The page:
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SummaryIt's like playing a video game at a drive-in theatre!
The GoodI’m a bit of a sucker for the style over substance approach to games. Killer 7 is a good example, I absolutely loved that game, but I’d have a hard time telling you what, if anything, I enjoyed about the gameplay. It was a rudimentary light-gun-on-rails game, only without the light gun, but with added adventure type puzzles. Yet I ended up falling madly in love with its style. So when WET was released, I played it with the intention to love it. I do love it, kind of. It’s tough love, I guess. Love/hate, really. Well, let me explain.
WET is a spectacle fighter, which I love. The game is presented as if it’s a grindhouse-style movie. Okay, I’ve never seen a real grindhouse movie, but I’m told that’s where the presentation is from. There’s a tonne violence, a few amusing advertisements for the snack bar, and film-grain and scratch filter overlaying the action. The game stars Rubi Malone, an assassin for hire as she seeks revenge on someone who double-crossed her. Rubi is an endearing badass character, but the plot is appropriately thin, which I wouldn’t count as a bad thing.
The combat is easily the best part of WET. As a spectacle fighter, none of the enemies pose much of a threat; they’re mostly just present for you to kill them in the wildest ways possible. Killing them while jumping, sliding, swinging, going down a ladder, or running on walls provides you with better experience points than just shooting them in the head. It really makes you feel like a bad-ass, which I’ve always loved about this sort of game.
Even though the combat is interesting enough to carry an entire game, WET features a great deal of variety in gameplay, some of it works well, some doesn’t. There are sections where Rubi uses a chain-gun to mow down enemies, other moments where she “loses control” that are presented in an awesome red and white shading effect, jumping/climbing sections, and quick-time events. The different sections sometimes feel a bit disjointed, but they do a lot to prevent the game from feeling stale.
The sound-track is consistently exceptional. A large bulk of it consists of fast-paced psychobilly songs, which work extremely well in an action environment. They’re long enough songs that you will only hear them loop once and a while, and there are enough of them that they’re rarely repeated. It’s really nice to see an action game make use of a musical genre other than techno or orchestrated.
The BadTomb Raider, Ninja Gaiden (the newer ones), and WET, what do these games have in common? The answer is: They all star protagonists who are extremely picky about what type of ledge they will and won’t grab. I don’t hate jumpy/swingy/climby sections that are constantly placed it third-person shooters, but Christ, could someone get them right? Even the best of them will always have questionable instances where a character won’t grab the ledge they’re rubbing up against.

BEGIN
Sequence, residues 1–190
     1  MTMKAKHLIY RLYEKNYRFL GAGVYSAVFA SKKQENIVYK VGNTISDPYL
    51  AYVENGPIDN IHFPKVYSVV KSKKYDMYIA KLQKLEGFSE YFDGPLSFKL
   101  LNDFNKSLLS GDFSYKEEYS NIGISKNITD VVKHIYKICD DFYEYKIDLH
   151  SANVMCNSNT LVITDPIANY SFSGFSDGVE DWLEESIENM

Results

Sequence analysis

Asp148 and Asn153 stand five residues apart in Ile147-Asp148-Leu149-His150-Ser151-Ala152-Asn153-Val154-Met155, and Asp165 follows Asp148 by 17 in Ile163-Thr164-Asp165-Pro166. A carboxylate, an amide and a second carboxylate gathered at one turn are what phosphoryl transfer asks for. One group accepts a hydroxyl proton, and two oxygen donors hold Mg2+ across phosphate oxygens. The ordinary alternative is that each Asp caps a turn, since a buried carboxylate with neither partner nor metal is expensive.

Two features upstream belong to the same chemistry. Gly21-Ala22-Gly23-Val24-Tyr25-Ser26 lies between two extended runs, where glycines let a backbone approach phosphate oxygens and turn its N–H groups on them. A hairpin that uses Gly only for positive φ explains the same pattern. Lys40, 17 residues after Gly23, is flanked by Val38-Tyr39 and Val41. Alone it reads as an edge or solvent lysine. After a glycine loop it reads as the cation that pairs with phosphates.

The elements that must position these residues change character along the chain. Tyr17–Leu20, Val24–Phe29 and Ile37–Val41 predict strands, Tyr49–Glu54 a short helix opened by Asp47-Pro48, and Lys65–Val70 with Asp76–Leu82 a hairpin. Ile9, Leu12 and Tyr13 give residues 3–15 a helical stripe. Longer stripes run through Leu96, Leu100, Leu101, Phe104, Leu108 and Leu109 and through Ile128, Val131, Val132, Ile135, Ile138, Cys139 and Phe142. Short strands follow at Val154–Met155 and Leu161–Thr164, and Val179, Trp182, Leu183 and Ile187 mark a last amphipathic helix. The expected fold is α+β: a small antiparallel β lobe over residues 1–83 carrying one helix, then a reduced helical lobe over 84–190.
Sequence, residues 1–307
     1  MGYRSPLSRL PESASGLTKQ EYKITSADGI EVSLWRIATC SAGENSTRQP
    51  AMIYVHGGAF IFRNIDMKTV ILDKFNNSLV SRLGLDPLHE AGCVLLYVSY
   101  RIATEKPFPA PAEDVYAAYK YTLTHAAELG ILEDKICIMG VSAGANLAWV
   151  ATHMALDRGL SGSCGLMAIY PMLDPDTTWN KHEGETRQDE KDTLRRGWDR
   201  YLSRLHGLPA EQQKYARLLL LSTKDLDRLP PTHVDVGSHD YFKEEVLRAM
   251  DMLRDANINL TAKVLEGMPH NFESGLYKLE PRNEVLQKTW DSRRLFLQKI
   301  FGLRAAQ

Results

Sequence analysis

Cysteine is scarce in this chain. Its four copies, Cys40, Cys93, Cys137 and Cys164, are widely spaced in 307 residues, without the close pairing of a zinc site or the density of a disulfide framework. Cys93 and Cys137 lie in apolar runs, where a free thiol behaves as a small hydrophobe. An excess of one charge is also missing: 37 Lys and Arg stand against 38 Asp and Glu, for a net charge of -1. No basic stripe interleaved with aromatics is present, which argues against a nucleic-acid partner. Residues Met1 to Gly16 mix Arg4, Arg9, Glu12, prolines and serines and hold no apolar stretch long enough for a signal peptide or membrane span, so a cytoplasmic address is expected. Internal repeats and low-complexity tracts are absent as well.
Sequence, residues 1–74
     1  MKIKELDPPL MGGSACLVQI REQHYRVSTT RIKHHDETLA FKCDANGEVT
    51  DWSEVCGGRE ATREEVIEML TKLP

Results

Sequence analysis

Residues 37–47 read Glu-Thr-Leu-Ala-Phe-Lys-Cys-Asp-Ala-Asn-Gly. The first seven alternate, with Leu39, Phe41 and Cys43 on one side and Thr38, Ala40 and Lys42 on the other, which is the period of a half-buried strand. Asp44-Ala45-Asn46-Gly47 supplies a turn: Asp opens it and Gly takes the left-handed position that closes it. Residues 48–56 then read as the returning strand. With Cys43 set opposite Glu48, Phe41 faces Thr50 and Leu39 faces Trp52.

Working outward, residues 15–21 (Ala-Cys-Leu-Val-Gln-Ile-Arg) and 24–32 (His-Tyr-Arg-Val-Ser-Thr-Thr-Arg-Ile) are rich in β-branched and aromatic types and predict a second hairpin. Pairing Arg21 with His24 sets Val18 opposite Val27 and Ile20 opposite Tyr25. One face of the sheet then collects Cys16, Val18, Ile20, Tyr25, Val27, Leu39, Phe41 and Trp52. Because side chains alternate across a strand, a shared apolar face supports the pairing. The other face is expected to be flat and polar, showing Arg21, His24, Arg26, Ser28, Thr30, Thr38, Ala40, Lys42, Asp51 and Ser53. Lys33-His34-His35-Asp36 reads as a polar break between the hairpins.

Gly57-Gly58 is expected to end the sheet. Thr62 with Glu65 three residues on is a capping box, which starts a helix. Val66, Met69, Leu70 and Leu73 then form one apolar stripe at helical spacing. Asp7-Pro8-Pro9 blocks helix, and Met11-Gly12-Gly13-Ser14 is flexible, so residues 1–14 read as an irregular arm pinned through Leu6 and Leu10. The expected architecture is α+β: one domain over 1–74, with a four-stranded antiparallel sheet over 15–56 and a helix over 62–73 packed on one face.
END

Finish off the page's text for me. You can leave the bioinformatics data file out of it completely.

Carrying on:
What makes WET a particularly big offender is the frequency of instance deaths. Sure, many games have instant death, but few of them add situational peril, like mines and walls of hot death following you. Sometimes you won’t even know they’re there until you die from them, like the game expects you to be clairvoyant. To make matters worse, every time you die you’re booted back to the loading screen, which is just a few seconds too long. Having to see that after you die from a collision error for the millionth time promotes the situation from annoying to aggravating.
Another thing I normally don’t hate is quick-time events. They keep you on your toes for those lengthy cutscenes and they allow for more visceral combat moments. WET, however, dwells in the “what not to do” area of QTE. There’s no warning for when an event is coming up, the on-screen button cues are extremely small, and worst of all; the final boss battle is reduced to nothing more than a QTE. Damn it, the final boss area is supposed to be a culmination of all the gameplay that lead up to it. It should put all those skills the player has been building to the ultimate test, but instead it’s just a game of “Simon Says”. How disappointing.
Lastly, I’m not entirely sure what the reason is, but there are graphical hitches in the cutscenes. Just brief pauses from time to time, like the processor is having trouble keeping up. It might be something exclusively on the PS3 version, and they only really occur during cutscenes, but it’s worth noting